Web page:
All in all, very good and useful tool, well worth it's money.

Then you have newest Siglent SDS200X+. Very much similar to RTB2000 in concept (big touch screen, not shiny, GUI made for touch). Only 8 bit, but very low noise inputs and goes down to  500uV/div, large memory and as Nico will probably point it out, that is managed a bit differently than R&S, in manner like Picoscopes and Lecroy. That gives you seamless history frames and usable segmented mode with tools to manage it. It has tons of options and measurements, including Cycle To Cycle Jitter and histicons and histograms (LeCroy style), arbitrary math etc....
It also doesn't have serial protocols search, but unlike R&S who plainly said they don't plan to do it ever, they promised it will be added in due time.
SDS2000X+ is still being actively developed, and many improvements have been added to it since release.

So you see, there is no "one ring to rule them all".  T&M equipment is expensive sport. Best strategy is to buy only equipment you really need right  now.
Equipment is getting cheaper and better all the time.  I firmly believe that days of "I'm gonna buy me a Mercedes, and keep it for 20 years" are gone.

So, you have to decide which things you really need, and which you don't, and just buy whatever fits that description in a budget you have.

For instance I wanted to buy RTM3000 2 years ago. I didn't. I bought Keysight MSOX3000T instead.
RTM3000 didn't have serial protocol searches and segmented memory management that is useful (and they still don't have it). MSOX3000T has it and it both search on everything and search, decode and measure with stats over full segmented memory. Also RTM3000 has better resolution FFT (and fabulous SA mode) than MSOX3000T, but that wasn't a problem. Keysight implementation is still very good for a FFT on a scope, and for more details and real SA work you need separate real SA anyways. MSOX3000T also came with tons of protocol decodes, etc. etc.
RTM3000 has much more memory than MSOX3000T, but Keysight is simply better to use and not artificially constrained.
MSOX3000T has only one problem (actually 2, it has smaller screen than RTM3000) is short memory. So it is not good for very long captures.
Because of that, for long decodes and long captures in general, i got Picoscope with 500MS of memory and 15-16 decoders. Decoding such long stuff should be done on PC anyways. Our member Nico that uses RTM3000 to grab long captures actually saves decode to file and opens it on PC for detailed analysis. I simply grab and decode right there on a PC with Picoscope.
My life would be much simpler if RTM3000 had all the capability of Keysight 3000T series in a new, long memory modern large screen U/I concept. I wouldn't need two scopes then.

But it doesn't, and I didn't buy it because it didn't fit my purpose. Combo of MSOX3000T+3046D Picoscope did, so I have that. And it works very well.

But I wanted very wide range of capabilities. I get all kinds of eclectic projects that sometimes need all kinds of reverse engineering. So I try to have as much capability as I can.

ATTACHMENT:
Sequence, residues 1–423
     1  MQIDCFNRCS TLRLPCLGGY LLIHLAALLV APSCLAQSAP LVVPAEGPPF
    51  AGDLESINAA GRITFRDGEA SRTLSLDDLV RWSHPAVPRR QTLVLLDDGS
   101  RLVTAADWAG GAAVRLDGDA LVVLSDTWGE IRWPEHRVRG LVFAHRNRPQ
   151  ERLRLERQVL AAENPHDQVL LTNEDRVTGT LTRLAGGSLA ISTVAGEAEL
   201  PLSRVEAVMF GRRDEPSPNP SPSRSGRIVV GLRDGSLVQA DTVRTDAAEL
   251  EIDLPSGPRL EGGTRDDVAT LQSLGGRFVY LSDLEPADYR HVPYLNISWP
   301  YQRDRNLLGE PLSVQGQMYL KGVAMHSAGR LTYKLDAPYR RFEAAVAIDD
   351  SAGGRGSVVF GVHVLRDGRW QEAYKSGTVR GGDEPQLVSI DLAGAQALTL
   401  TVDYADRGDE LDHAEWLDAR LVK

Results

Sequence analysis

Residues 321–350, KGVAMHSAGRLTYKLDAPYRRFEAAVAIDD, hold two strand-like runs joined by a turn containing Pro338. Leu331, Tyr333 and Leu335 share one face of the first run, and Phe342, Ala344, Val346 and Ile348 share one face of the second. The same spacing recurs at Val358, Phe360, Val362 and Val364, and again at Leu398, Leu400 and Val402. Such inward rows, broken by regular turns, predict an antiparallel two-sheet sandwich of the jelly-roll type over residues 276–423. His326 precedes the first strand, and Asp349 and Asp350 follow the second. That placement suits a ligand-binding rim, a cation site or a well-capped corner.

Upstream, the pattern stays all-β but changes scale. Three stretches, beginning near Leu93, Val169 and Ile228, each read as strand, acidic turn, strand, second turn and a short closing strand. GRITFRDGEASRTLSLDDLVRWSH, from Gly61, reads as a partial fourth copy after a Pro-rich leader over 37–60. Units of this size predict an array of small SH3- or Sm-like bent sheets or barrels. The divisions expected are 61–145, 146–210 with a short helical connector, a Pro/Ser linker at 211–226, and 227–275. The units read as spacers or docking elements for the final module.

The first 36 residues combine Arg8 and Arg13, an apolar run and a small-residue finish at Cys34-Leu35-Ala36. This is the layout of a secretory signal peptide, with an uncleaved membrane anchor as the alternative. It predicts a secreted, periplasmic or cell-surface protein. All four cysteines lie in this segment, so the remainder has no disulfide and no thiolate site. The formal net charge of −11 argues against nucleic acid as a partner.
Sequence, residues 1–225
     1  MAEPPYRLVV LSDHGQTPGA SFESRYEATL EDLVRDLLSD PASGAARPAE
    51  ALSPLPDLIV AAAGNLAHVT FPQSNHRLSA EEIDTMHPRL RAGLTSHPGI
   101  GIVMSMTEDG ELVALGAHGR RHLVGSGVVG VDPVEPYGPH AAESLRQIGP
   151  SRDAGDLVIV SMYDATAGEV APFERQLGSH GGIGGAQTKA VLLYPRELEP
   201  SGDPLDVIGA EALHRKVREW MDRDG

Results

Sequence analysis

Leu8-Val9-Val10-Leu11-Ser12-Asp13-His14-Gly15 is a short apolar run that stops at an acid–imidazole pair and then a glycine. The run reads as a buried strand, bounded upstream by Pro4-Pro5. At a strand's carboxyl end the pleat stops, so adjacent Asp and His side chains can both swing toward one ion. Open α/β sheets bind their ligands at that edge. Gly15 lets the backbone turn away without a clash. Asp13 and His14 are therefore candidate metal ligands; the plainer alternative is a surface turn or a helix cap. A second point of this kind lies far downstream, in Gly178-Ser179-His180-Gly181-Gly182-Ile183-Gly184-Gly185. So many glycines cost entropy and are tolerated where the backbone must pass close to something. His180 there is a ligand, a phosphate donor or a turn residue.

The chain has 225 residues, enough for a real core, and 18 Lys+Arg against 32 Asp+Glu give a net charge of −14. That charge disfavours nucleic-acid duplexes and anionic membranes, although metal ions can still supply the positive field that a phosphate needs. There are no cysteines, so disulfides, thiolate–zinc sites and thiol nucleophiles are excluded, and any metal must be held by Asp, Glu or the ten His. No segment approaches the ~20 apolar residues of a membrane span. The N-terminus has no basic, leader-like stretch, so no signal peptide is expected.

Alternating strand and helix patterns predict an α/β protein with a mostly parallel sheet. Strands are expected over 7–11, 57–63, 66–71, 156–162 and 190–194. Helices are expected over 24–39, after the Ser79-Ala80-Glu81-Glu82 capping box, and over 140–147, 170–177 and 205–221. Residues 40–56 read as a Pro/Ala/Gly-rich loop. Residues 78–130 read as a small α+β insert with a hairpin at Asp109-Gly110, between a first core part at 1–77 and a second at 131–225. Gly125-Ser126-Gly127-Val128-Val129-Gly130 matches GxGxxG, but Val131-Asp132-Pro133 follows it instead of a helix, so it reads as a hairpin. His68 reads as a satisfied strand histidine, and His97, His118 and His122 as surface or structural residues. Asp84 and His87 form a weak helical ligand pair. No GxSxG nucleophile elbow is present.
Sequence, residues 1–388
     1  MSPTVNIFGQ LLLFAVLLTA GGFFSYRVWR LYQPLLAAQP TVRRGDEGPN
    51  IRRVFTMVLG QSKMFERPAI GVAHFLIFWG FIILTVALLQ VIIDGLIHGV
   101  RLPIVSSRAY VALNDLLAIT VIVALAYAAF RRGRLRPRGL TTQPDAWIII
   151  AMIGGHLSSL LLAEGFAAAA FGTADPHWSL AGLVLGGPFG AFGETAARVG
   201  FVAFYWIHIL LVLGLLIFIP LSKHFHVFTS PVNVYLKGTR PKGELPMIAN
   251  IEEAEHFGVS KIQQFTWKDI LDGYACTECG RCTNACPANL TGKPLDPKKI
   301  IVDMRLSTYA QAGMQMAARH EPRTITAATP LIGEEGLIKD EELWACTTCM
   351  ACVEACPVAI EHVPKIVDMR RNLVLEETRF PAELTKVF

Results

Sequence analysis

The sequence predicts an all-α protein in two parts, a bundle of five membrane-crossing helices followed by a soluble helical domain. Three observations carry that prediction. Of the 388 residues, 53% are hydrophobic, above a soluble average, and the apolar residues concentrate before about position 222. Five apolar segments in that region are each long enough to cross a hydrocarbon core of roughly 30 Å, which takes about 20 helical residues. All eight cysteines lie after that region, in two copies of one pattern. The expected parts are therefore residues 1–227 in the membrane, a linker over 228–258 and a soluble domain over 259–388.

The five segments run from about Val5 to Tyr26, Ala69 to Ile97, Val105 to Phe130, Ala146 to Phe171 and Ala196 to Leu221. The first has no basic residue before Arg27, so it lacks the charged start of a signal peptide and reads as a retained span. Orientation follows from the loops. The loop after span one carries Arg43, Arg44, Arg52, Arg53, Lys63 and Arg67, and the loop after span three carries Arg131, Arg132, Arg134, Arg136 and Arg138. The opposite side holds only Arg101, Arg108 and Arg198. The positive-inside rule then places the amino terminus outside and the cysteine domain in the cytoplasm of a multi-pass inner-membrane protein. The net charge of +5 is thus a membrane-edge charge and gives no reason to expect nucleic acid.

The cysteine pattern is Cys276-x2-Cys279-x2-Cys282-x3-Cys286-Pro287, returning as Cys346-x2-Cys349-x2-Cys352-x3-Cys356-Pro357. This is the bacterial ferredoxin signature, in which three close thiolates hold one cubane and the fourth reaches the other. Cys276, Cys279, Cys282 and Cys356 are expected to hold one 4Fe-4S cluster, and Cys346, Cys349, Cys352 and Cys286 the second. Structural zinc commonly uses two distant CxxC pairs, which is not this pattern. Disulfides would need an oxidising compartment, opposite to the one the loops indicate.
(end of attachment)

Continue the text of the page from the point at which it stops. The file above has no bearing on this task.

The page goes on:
It's also business. I buy tools that will make money. That is my reason (and excuse  >:D). For hobby, even Rigol DS1057Z or Micsig TO1104C go a long way.. very long way. And grab one of those cheap logic analyser thingies from China and you can decode for miles...

If you want very advanced scope for the money, that will get even better with time, and if you're willing to live with some quirks for now (like 888mdB instead of 0.88dB in FFT), Siglent SDS2000X+ is hard to beat, with caveats I mentioned, that might be resolved with time. Other option is GW Instek 2000E series. Rock solid and does everything (and much more ) that you mentioned. But is not fancy looking thing, screen is smaller, and U/I is old school (if I were to say what it reminds me to, I would say Tektronix MDO3000). If that fact that it a bit old fashioned doesn't bother you, that is one good instrument.

I'm disappointed in new Rigols (5000, 7000) because they have worse noise than older generation, lot of still unresolved issues, and lost chance to make better GUI. They are still good for digital stuff, high refresh rates, large memories etc. I wish if they could clean up the act and improve some shortcomings a bit.. It is a good thing to have freedom of choice.



 
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Offline switchabl

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Re: Question related RTB2000: I2C
« Reply #11 on: November 13, 2020, 12:14:02 pm »
For an all-day, general-purpose scope, it's not all about raw performance and features. Well, within reason. If you need the bandwidth, you need the bandwidth and if you need a specific feature a lot, you probably shouldn't buy one without it. But for most people and most tasks, a lot of scopes will do the job one way or another. So I mainly want one that is not annoying to use. In particular, one with a clear, well-designed UI, a nice screen, no (few) weird bugs and quirks, no noisy fan, no lag, doesn't take minutes to boot (*yes, I'm looking at you, old Windows-based scope*). At home, I currently make do with a DS1054Z (and an Analog Discovery for some more specialized stuff), which often kinda does the job (admirably so, considering the price), but it fails almost all these criteria. That is why the R&S RTB is high on my list for a potential replacement, and the new Rigols and the Instek are not.
« Last Edit: November 13, 2020, 12:16:46 pm by switchabl »
 

Offline Frank_MV

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Re: Question related RTB2000: I2C
« Reply #12 on: November 13, 2020, 12:24:16 pm »
Many thanks for your anwers  :-+
I will now consider exactly what I am going to do

Right, the boot time of 10 seconds of an RTB is already very good.

« Last Edit: November 13, 2020, 12:26:57 pm by Frank_MV »